Protect your Rights during Foreclosure
Recently, the country has experienced a rash of foreclosures never previously
experienced. Along the way, both homeowners and lenders have found that the process can be
fraught with numerous possible errors. Homeowners who have found it difficult to make their
monthly mortgage payments or who have already had the foreclosure process initiated should
understand the important of taking immediate action in order to ensure their forclosure
rights are protected throughout the process.
While it would certainly be nice if all homeowners across the country could
know what to expect when it comes to the foreclosure process, the reality is that rules can
vary significantly around the country. Not only can the rules of foreclosure vary according
to jurisdiction, but they can also vary according to your particular situation and according
to your lender. In some states, judicial foreclosure is required, while in others it is not.
Judicial foreclosure refers to court approved foreclosure.
One of the most important things you need to understand regarding the foreclosure
process and your rights is the foreclosure timeline. Due to the sheer number of foreclosures over
the past few years, one of the biggest problems many lenders have faced is meeting deadlines. State
laws affect the timeframe that is applicable to a foreclosure, but for the most part lenders are
allowed to begin foreclosure proceedings 90 days after the last mortgage payment has been made.
After the foreclosure process has begun, homeowners still maintain the right to
keep their house and also to stop the foreclosure process if they are able to bring their payments
up to date as well as pay the late fees which have been incurred up to that point. It is extremely
important for homeowners to make the attempt to negotiate with their lenders to obtain a modification
to their loan or refinance if they wish to keep the home. Refinancing or modification can help in
lowering payments. Even if a foreclosure notice is sent, it should not put a stop to the process
On the other hand, if homeowners are not interested in keeping the house, it is
important for them to consider selling their home before foreclosure can actually take place.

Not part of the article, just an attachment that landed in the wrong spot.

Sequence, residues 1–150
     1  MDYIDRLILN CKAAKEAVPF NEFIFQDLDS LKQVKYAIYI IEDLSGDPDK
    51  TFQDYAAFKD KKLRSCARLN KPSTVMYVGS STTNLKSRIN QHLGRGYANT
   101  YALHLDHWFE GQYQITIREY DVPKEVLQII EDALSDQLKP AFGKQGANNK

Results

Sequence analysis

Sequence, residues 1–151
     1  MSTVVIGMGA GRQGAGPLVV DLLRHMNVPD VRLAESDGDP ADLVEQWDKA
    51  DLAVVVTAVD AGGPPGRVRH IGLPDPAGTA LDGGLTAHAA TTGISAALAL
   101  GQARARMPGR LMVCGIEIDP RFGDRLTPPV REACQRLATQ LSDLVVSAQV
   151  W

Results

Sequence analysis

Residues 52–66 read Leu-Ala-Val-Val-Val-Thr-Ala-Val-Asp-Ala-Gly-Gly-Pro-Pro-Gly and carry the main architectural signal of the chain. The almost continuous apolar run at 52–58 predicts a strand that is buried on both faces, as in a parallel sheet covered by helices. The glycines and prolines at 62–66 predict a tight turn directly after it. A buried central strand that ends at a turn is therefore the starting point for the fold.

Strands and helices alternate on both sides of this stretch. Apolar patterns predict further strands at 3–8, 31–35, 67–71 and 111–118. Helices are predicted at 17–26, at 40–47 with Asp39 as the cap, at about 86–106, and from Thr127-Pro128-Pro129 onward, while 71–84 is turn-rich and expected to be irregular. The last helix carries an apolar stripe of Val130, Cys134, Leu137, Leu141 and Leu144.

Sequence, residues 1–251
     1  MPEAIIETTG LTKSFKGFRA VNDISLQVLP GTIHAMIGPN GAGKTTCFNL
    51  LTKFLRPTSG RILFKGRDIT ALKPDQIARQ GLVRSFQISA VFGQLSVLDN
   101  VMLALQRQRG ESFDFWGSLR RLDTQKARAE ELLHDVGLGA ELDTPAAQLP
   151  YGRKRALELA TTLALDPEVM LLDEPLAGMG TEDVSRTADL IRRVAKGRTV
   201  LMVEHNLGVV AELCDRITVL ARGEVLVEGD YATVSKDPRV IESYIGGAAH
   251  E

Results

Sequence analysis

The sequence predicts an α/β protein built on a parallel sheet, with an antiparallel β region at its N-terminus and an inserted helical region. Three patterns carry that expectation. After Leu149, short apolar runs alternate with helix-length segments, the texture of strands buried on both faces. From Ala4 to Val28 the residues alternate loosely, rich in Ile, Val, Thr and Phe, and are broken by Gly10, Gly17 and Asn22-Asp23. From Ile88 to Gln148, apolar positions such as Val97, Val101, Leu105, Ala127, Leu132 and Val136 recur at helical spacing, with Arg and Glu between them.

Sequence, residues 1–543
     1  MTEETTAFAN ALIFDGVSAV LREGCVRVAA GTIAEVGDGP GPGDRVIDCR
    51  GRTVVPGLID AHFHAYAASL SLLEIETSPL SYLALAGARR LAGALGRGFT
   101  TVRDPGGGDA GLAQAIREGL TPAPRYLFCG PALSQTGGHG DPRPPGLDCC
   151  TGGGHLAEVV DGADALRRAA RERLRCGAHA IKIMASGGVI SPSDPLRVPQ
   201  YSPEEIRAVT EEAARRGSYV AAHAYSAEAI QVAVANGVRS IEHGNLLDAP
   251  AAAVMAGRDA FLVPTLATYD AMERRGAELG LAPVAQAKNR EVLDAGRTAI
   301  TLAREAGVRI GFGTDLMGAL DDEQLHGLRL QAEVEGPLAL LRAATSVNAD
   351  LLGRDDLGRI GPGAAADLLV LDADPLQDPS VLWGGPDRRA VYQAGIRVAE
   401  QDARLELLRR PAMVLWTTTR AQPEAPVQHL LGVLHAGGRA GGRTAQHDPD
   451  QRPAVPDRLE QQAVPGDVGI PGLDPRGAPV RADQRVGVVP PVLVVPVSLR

Homeowners still own the home until the foreclosure process is complete. Consequently, they maintain
the right to sell their home. If you find that you need to sell your home for less than the amount
that is owed to the lender, keep in mind that you might be able to negotiate for a short sale with
the lender rather than go through with a foreclosure. While you are waiting for the short sale, you
are also able to continue living in the home.
During the foreclosure process, homeowners may also remain in the home, provided they
continue maintaining the property and continue paying property taxes and homeowners insurance. Homeowners
may not be evicted until such time as the court states specifically that the property now belongs to
the lender. Homeowners should further understand they maintain the right to prevent anyone from entering
their home until after the foreclosure is actually complete.
Always make sure you thoroughly check your mortgage loan paperwork. Your rights and
responsibilities when you are in default as a homeowner will be explained within those documents. Be
certain to read through them thoroughly so that you will have a complete understanding of all your
foreclosure rights as a homeowner.
You also have the right to hire a lawyer. This is something that many homeowners going
through the foreclosure process do choose to do. An attorney specializing in foreclosures can assist you
in determining how much time you will have in order to move once the foreclosure is complete. An attorney
may also be able to assist you if the lender has not provided you with appropriate notice regarding the
In some states there is a redemption period even after the foreclosure sale in which
homeowners are able to reclaim their home if they have the ability to purchase it back. The specific
rules regarding the redemption period will often depend on whether the foreclosure is non-judicial or
judicial. In some states, redemption periods can even last for several months. Be sure to check what
the rules may be within your state regarding the existence of a possible redemption period and the
length of such a period.
The foreclosure process can be frightening and frustrating, but making sure you understand
the right steps to take can help to ensure that your rights are protected.